CRUMBLING Wisconsin’s Cookie Ban

Wisconsin is now both freer and more delicious, thanks to IJ’s latest victory for economic liberty. On May 31, a Wisconsin trial court struck down the state’s ban on selling home-baked goods. The judge found the ban violated Wisconsinites’ constitutional right to earn an honest living because it did not genuinely protect the public. Instead the ban served only to protect industry insiders from competition.

Before IJ won in court, Wisconsin was one of only two states (the other being New Jersey) that banned the sale of home-baked goods. In Wisconsin, before a person could sell even one cookie, they first had to get a license and rent or build a commercial-grade kitchen that was separate from their own home kitchen. Renting or building a commercial kitchen costs tens of thousands of dollars, and is simply not a viable option for home bakers, farmers or hobbyists who just want to sell some cookies or muffins to help support their families.

As the judge found, these onerous requirements had nothing to do with safety. The undisputed evidence in the case showed there was no example of anyone, anywhere, ever getting sick from an improperly made baked good. In addition, the state allowed the sale of many other homemade foods, including canned goods, apple cider, popcorn, honey and syrups, with little or no regulation, even though these foods actually pose greater risks than any posed by baked goods.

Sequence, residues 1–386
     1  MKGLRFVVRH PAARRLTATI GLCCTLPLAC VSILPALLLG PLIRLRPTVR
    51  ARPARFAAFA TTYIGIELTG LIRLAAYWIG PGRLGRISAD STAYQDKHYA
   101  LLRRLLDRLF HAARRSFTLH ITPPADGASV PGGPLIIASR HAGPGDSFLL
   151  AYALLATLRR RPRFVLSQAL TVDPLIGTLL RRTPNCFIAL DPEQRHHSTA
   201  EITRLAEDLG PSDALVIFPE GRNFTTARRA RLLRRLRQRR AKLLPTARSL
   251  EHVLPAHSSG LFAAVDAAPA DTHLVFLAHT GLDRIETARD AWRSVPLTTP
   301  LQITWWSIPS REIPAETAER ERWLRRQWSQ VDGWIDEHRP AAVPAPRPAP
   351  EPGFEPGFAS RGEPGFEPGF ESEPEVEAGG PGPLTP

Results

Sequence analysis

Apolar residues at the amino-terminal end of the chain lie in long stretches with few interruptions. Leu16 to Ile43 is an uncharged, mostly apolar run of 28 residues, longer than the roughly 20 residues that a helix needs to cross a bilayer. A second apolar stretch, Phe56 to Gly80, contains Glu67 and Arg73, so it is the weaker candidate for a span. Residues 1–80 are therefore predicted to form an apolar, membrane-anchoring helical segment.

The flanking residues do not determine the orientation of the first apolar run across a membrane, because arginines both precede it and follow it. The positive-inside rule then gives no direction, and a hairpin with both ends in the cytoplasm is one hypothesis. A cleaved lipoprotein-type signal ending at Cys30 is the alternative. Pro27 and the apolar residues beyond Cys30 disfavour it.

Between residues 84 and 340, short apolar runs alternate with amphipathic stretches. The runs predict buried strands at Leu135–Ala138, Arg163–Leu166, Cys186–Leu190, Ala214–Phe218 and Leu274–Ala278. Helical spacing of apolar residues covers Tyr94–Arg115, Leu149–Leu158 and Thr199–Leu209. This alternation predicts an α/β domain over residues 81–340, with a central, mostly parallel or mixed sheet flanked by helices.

All the evidence showed that the ban on selling home-baked goods served only one purpose, and that was protecting commercial bakers from competition.

All the evidence showed that the ban on selling home-baked goods served only one purpose, and that was protecting commercial bakers from competition. In fact, IJ’s three clients—Lisa Kivirist, Kriss Marion and Dela Ends—had fought for years in the Legislature to get this ridiculous law repealed. But despite bipartisan support in both houses for repealing the ban and bills passing unanimously twice in the Senate, one man stood in the way: Assembly Speaker Robin Vos. Speaker Vos used his position to make sure that the bills never received a vote in the Assembly. The Speaker has stated quite candidly that he was motivated to protect commercial bakers from competition.

Indeed, the only other opponents to repealing the ban were commercial bakers, represented by three powerful lobbying groups: the Wisconsin Bakers Association, Grocers Association and Restaurant Association. In the height of hypocrisy, the Wisconsin Bakers Association had itself been selling 400,000 cream puffs every year at the state fair without a license or commercial kitchen, using an exemption for “nonprofit” groups.

In what has become the government’s pattern in these types of cases, the state argued that the law was justified because it was “conceivable” that a home-baked good might present a health risk. But Judge Duane Jorgenson refused to blindly defer to the government and rubber stamp the law. In an opinion that will surely help protect economic liberty for years to come, the judge said that laws must have more than a “speculative” justification and, instead, must have a “real and substantial connection” to protecting the public welfare. This law, obviously, did not.

The state is currently considering an appeal. If that happens, IJ will be there to keep fighting to protect the right to economic liberty both in Wisconsin and nationwide

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